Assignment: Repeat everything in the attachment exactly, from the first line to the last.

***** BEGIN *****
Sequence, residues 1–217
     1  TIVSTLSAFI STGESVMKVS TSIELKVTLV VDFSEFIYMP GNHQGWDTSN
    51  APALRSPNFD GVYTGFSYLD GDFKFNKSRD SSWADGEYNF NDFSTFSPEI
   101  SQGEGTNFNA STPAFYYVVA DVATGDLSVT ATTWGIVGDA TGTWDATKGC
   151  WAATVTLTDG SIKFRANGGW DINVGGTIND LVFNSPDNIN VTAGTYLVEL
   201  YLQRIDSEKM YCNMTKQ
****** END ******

Sequence, residues 1–217
     1  TIVSTLSAFI STGESVMKVS TSIELKVTLV VDFSEFIYMP GNHQGWDTSN
    51  APALRSPNFD GVYTGFSYLD GDFKFNKSRD SSWADGEYNF NDFSTFSPEI
   101  SQGEGTNFNA STPAFYYVVA DVATGDLSVT ATTWGIVGDA TGTWDATKGC
   151  WAATVTLTDG SIKFRANGGW DINVGGTIND LVFNSPDNIN VTAGTYLVEL
   201  YLQRIDSEKM YCNMTKQ